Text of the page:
Over the next few days, things keep escalating. People around the world all describe seeing an alien looking remarkably similar to the one encountered by Alden. Eventually, local and federal authorities and the media converge downtown. The authorities want to bring Alden in for questioning but as soon as they begin holding him, the alien appears with demands to release Alden. This provokes a confrontation which goes pretty badly for law enforcement, and Alden is released. But it's not over yet, and Alden soon learns that the aliens have a deeper connection to the humans they encounter than anyone realized. With the authorities ready to pounce and lives hanging in the balance, Alden must make a choice that I won't spoil here.

This is a powerful story; there's a lot that's original and interesting in Meteor Men.  Parker and the creative team have crafted a plot that's heartfelt and sincere. The theme that we are all in this together (and are all part of something larger) runs throughout the book. The art really sets the scene. Jarrell is a talented visual storyteller, and there's great layouts, sequential storytelling and coloring courtesy of Jarrell and Volo. This starts at the very first page which begins with the starry sky, and then you see word bubbles, and finally people gathered to watch the meteor shower. It's a great way to begin the story, and sets the reader up to understand that we are in the stars, we are out there, and we are part of everything else that's in the cosmos.

The art style here is appealing visually; motion (such as the flying meteors) is strikingly rendered, as are the characters. It's an overall "realistic" drawing style (for a story involving aliens), with great facial acting and body language (rendered in a style which is very much Jarrell's own, but somewhat reminiscent of Chris Samnee or Doc Shaner, with a little Paul Pope in Alden's face).*

One of the strengths of the book is that the aliens are genuinely, well, alien. They don't think as humans do, and the difficulties in communicating with a fundamentally different life-form are effectively portrayed. The parts of the story that are the most effective are when Alden is communicating with the aliens. Alden is a great character. It's clear that he's been lonely and somewhat adrift since the death of his parents, and his lack of fear of the aliens and willingness to engage with them feel like refreshing choices by Parker. Finding the alien feels like finding a friend to him (which not surprising, given what we learn about them).  Alden's interactions with the alien have real humor and spark to them. The humor here is aided by great lettering from Crank!, where the telepathic communication from the aliens to people appears as large letters outside of any word bubbles; in one amusing moment, the alien "thinks" too loudly at Alden (in huge letters), and Alden has to ask it to "speak" a little more quietly.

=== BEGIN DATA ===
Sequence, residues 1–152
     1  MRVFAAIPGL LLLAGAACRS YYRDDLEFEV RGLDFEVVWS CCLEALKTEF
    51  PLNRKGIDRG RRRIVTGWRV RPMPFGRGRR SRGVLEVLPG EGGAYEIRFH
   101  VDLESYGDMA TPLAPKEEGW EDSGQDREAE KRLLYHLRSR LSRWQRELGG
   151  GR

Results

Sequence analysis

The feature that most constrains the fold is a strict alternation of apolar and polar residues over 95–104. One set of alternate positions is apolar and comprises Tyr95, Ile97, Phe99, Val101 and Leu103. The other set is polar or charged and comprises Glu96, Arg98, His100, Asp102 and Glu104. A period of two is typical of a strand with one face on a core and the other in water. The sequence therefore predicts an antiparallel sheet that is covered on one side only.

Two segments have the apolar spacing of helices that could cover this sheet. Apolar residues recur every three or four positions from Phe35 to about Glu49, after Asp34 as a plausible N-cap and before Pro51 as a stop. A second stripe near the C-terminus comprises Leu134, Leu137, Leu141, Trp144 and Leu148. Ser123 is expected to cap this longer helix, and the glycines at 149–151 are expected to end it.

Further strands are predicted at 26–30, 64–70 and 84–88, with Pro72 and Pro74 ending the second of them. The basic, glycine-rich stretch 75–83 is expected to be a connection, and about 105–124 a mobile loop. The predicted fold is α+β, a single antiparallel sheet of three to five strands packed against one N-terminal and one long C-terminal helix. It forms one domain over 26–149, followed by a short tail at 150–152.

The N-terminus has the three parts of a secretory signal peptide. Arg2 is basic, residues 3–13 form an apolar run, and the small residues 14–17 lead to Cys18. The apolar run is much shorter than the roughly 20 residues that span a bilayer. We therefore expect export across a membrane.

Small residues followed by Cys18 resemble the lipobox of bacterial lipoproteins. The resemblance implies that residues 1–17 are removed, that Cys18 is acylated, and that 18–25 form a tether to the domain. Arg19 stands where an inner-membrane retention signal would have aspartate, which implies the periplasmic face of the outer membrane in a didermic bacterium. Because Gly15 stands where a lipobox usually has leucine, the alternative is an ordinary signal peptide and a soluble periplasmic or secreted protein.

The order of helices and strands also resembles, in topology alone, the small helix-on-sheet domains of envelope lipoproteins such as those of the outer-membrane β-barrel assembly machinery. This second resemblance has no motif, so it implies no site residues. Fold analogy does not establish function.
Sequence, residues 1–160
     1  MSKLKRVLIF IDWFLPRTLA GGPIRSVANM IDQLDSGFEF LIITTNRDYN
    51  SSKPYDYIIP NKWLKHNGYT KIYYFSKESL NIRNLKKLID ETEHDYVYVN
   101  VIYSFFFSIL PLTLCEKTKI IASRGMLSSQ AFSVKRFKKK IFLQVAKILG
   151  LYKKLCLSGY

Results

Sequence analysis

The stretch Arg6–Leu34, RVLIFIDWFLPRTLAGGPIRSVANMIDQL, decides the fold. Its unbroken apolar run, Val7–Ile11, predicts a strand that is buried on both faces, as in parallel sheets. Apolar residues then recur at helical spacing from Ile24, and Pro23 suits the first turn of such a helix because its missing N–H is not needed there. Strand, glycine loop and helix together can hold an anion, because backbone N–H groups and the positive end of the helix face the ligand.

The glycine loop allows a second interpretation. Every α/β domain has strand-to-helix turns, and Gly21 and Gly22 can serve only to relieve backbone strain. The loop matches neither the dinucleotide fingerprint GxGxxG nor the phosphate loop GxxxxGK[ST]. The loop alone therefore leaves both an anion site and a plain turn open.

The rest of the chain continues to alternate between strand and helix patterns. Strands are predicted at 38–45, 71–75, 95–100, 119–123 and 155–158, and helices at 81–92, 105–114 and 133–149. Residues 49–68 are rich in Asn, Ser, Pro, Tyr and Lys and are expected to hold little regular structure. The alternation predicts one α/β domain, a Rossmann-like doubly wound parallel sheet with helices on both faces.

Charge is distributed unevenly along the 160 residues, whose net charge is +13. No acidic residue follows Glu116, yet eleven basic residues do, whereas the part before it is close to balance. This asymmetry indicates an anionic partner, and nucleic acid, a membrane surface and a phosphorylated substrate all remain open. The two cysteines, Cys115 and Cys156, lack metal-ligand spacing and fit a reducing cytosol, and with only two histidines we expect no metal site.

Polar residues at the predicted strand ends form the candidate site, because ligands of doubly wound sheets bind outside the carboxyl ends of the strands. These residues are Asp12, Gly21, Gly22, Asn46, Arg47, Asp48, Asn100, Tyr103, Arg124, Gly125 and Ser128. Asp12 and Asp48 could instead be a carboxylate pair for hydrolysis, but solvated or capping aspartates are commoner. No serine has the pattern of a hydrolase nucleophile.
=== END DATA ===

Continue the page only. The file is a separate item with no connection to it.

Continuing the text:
An aspect of the story that feels a little more typical and less interesting (but probably necessary) is the depiction of the reaction of the law enforcement and the military. These scenes make sense within the context of the story and it is realistic that our military would view any alien life forms as an extreme threat and try to destroy them (sadly), but it feels like something you've seen before. However, this does bring home the message of the book - for better or for worse, humanity is not alone. We are one planet orbiting one star among many, and how we choose to face that fact will have real consequences.

For a thoughtful and gorgeously rendered take on the "first contact" theme (that's far less risky than actual contact with aliens), Meteor Men is worth a look.

If you liked what you read in this review, you can get the first part right now at Comixology. Here's a complete release schedule for the book:
Tues. Aug 19th - Meteor Men #1 ComiXology

Tues. Aug. 26th - Meteor Men #2 ComiXology
Tues. Sept. 2nd - Meteor Men #3 ComiXology
Tues. Sept. 9th - Meteor Men #4 ComiXology
Tues. Septh 16th - Meteor Men #5 ComiXology

Sept. 22nd - Final order cutoff for retailers and preorders (Diamond Order Code: JUN141331)

October 15th - Meteor Men comes out in retail everywhere

* i.e., an accessible "classic" style but with modern design and layout